A huge phosphorite deposit has been discovered in Norway containing enough minerals to meet global demand for batteries and solar panels for the next 100 years, according to the mining company that controls it.
Norge Mining commented that up to 70 billion tonnes of the non-renewable resource may have been discovered in southwestern Norway, along with deposits of other strategic minerals such as titanium and vanadium.
The phosphorite contains high concentrates of phosphorus, which is a key component for developing green technologies, but currently faces significant supply issues.
The German scientist Hennig Brandt discovered phosphorus in 1669 while searching for the philosopher’s stone. While ineffective at turning ordinary metals into gold, it has become an essential component in lithium-ironphosphate batteries in electric vehicles, as well as in solar panels and computer chips.
Russia previously controlled the world’s largest ultrapure phosphorite deposits, and the European Union has warned that these “critical raw materials” are at high supply risk.
The EU is now almost entirely dependent on phosphorite imports from the rest of the world, according to a report by The Hague Center for Strategic Studies, with China, Iraq and Syria also home to large deposits.
The report, which was published before the discovery of the huge Norwegian deposit, warned that the EU should “be concerned about the shortage of phosphorite”.
An article in the scientific journal Nature last year it warned of imminent phosphorus supply disruptions, citing the Russian invasion of Ukraine and subsequent economic sanctions as a potential cause of market volatility.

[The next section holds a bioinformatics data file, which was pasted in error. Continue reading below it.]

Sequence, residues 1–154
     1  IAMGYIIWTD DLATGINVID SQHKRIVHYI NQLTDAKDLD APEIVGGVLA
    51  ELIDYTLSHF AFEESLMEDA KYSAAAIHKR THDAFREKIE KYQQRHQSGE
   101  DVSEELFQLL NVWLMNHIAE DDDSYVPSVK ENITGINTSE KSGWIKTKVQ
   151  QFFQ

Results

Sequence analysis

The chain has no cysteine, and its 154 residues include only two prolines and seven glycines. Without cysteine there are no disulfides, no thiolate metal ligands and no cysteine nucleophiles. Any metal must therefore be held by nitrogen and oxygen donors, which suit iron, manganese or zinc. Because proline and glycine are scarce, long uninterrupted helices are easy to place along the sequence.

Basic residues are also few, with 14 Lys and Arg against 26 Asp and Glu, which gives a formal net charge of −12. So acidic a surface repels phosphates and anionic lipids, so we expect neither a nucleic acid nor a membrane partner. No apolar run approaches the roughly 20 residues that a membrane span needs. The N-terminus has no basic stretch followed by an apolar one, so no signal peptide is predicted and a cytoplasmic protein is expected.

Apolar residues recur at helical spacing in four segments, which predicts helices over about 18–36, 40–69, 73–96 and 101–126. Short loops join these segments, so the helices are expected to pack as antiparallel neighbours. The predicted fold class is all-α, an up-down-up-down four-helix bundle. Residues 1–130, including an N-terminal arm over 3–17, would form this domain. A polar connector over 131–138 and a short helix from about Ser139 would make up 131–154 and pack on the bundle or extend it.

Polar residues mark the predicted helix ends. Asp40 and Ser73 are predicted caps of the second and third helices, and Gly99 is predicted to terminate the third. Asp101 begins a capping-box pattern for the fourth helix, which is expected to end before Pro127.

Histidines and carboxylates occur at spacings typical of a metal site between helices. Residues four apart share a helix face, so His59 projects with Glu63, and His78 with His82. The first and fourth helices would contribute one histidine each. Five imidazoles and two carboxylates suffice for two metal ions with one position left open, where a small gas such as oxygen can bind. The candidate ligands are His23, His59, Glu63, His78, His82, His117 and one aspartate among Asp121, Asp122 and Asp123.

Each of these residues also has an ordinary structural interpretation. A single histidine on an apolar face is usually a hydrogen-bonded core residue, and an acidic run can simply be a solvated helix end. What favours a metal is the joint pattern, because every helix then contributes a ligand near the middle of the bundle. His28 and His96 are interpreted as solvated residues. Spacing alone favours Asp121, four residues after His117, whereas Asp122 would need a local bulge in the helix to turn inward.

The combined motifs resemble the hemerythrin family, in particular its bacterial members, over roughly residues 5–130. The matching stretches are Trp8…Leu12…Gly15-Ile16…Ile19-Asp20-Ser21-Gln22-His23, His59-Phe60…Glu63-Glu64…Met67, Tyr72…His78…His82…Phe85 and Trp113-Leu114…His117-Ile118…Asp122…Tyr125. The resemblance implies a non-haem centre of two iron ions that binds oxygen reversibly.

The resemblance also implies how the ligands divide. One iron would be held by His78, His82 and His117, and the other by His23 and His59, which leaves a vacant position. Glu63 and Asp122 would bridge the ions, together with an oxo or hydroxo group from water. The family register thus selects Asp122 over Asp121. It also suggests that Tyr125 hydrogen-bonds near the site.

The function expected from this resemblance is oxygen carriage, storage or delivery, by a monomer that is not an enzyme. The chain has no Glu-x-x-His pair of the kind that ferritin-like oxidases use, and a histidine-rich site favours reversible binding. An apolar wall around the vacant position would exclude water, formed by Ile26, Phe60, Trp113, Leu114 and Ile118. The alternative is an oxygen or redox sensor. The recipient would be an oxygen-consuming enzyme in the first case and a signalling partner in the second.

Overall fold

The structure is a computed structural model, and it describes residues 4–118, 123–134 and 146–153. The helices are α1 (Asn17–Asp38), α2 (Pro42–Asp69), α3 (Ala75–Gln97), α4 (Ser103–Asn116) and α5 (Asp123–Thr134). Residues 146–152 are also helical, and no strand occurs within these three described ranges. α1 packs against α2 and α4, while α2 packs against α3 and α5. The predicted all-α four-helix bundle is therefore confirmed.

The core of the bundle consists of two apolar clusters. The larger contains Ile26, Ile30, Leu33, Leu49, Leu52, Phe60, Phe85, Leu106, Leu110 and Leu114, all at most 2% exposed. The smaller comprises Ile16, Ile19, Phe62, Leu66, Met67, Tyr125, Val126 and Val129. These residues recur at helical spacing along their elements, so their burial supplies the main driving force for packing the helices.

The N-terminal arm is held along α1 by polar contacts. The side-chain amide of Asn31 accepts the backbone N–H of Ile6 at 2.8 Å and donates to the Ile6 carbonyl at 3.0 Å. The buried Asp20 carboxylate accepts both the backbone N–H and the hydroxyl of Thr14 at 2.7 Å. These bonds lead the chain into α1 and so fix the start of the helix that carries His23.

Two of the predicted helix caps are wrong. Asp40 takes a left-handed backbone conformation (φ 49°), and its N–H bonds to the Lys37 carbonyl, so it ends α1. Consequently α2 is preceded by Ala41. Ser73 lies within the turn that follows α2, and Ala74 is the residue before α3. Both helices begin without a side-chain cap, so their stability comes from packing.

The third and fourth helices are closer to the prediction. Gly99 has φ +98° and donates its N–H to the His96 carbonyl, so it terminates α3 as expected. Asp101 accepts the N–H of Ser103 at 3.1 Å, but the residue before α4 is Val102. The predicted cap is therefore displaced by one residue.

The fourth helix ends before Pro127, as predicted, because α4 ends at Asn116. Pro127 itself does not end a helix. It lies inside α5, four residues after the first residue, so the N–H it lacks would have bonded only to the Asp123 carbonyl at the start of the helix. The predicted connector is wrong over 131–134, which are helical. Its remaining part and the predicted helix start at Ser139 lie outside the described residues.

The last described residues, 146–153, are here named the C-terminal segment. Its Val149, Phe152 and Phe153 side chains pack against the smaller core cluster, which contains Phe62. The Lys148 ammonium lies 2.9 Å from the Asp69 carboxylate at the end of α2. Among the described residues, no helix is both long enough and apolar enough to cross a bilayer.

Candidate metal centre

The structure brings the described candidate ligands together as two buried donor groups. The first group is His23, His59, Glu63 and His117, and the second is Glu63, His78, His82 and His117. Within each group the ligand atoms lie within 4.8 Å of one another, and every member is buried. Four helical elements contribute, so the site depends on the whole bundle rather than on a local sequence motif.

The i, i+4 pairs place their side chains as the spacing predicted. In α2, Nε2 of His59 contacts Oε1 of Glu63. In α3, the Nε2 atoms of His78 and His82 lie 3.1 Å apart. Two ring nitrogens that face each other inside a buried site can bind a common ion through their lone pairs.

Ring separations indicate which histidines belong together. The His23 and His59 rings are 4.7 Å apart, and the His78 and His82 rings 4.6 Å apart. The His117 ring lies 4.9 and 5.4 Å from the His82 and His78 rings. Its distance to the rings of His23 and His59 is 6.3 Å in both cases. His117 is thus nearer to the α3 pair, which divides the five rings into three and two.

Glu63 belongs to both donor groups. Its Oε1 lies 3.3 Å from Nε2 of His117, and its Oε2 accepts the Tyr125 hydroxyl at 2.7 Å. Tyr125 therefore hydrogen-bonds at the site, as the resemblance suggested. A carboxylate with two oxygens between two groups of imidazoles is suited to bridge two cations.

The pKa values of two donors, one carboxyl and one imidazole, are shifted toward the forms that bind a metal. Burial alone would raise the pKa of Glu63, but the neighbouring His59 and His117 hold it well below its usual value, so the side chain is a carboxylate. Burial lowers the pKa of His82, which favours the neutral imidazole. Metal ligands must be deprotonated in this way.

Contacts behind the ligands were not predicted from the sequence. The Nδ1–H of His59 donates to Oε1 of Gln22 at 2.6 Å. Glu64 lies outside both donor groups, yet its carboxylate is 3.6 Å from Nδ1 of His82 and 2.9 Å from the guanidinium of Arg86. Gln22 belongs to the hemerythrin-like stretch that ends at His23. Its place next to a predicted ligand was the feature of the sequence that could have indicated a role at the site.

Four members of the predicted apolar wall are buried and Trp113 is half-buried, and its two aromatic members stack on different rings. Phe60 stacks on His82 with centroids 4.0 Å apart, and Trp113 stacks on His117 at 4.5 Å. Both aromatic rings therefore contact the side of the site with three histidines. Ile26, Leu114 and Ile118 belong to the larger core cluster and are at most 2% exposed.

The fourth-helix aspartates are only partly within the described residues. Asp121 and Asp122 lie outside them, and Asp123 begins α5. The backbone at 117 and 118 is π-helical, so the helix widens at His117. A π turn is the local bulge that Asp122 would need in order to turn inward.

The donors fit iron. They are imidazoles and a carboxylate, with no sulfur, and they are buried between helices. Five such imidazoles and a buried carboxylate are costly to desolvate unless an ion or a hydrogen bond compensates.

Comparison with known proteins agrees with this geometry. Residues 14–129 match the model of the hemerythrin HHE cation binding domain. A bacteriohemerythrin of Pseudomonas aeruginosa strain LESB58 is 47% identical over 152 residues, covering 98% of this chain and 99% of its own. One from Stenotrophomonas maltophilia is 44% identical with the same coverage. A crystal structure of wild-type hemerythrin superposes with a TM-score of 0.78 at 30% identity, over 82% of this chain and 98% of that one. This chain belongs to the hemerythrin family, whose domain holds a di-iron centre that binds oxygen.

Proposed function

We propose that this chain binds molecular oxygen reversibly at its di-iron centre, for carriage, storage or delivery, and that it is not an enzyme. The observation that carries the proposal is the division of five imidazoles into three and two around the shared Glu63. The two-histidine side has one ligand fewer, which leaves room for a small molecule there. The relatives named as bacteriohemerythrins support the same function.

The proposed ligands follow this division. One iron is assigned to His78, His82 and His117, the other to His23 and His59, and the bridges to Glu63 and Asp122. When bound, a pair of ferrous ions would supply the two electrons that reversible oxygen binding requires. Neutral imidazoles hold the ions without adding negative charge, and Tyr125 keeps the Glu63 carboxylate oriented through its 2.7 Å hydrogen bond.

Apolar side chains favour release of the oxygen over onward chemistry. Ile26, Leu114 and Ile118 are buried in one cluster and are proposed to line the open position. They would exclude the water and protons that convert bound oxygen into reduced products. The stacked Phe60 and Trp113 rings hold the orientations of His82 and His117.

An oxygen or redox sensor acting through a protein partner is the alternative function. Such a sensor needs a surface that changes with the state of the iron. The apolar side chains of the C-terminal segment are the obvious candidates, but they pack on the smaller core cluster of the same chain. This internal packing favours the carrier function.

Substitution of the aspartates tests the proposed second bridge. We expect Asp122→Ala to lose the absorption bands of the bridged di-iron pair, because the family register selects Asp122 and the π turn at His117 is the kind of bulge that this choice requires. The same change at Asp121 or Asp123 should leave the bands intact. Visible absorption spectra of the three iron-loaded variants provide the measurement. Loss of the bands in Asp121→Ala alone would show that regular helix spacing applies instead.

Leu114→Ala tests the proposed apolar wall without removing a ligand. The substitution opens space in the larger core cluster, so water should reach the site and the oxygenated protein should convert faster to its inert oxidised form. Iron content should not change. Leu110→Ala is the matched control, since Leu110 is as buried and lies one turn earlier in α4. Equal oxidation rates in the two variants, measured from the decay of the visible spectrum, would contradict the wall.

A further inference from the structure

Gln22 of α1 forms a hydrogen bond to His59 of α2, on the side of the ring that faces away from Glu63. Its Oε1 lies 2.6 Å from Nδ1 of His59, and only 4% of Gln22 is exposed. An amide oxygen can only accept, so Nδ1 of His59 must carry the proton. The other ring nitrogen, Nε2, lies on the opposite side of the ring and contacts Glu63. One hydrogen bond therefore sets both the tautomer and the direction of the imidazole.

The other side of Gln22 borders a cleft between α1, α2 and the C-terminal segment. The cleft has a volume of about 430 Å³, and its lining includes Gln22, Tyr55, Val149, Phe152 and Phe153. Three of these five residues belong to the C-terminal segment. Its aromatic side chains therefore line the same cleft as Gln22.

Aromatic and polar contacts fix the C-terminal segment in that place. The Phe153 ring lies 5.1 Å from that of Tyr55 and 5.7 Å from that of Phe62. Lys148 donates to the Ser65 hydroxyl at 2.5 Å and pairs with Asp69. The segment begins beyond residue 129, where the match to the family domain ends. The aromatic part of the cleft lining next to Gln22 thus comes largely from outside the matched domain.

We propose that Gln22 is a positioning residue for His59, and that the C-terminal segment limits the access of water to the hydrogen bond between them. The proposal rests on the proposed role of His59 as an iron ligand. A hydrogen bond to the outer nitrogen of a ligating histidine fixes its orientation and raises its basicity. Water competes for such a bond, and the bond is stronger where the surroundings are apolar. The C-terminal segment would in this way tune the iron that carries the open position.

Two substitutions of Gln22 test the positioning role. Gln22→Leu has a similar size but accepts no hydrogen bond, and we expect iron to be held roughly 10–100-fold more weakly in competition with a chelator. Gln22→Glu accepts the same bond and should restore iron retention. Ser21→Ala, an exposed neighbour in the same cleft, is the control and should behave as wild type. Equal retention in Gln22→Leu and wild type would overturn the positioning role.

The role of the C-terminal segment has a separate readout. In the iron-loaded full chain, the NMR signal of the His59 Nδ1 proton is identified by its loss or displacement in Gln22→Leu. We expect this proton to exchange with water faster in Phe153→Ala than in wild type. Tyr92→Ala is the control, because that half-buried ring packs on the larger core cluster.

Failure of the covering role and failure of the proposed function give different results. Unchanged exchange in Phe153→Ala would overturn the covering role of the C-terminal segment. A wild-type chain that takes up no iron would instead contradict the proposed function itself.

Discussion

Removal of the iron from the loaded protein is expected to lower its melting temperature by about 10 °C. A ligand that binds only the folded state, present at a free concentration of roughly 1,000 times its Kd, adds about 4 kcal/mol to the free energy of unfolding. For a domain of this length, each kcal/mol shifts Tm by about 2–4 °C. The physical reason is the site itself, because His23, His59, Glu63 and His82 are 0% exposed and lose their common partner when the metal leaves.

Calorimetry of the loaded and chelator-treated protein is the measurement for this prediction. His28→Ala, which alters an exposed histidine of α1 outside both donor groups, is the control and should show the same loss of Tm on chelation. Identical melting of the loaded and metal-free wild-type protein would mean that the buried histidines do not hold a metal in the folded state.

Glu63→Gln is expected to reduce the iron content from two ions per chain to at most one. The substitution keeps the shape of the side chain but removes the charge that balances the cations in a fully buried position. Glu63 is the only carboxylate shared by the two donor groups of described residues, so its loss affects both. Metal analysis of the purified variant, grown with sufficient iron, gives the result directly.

The global economy consumes an estimated 50 million tons of phosphorus each year, and scientists warned earlier this year that the planet could face a “phosphorus apocalypse” if supply trends continue.
“The buyers market is becoming increasingly saturated with limited trade, due to political instability in several source countries, as well as international sanctions imposed on others,” Norge Mining noted in a June blog post. “It forces importers to fear an impending crisis.”
Norwegian Trade and Industry Minister Jan Christian Vestre said last month that the government was considering speeding up a giant mine at Helleland once analysis of 76 km (47 miles) of drill cores is complete. If approval is granted, the first major mine could start operations in 2028.
The politician pointed out that Norway’s “obligation” was to develop “the most sustainable mineral industry in the world” after the discovery of the minerals.
The mining plans already have the support of the European Raw Materials Alliance, according to local reports, while regional consultations continue.
A European Commission spokesman described the find as “big news” to meet the Commission’s raw material targets, and Norge Mining told Euractiv that the estimated 4,500-meter (14,700-foot) ore body would theoretically be capable of meet global demand for the next century.
Translation of Michelle Padilla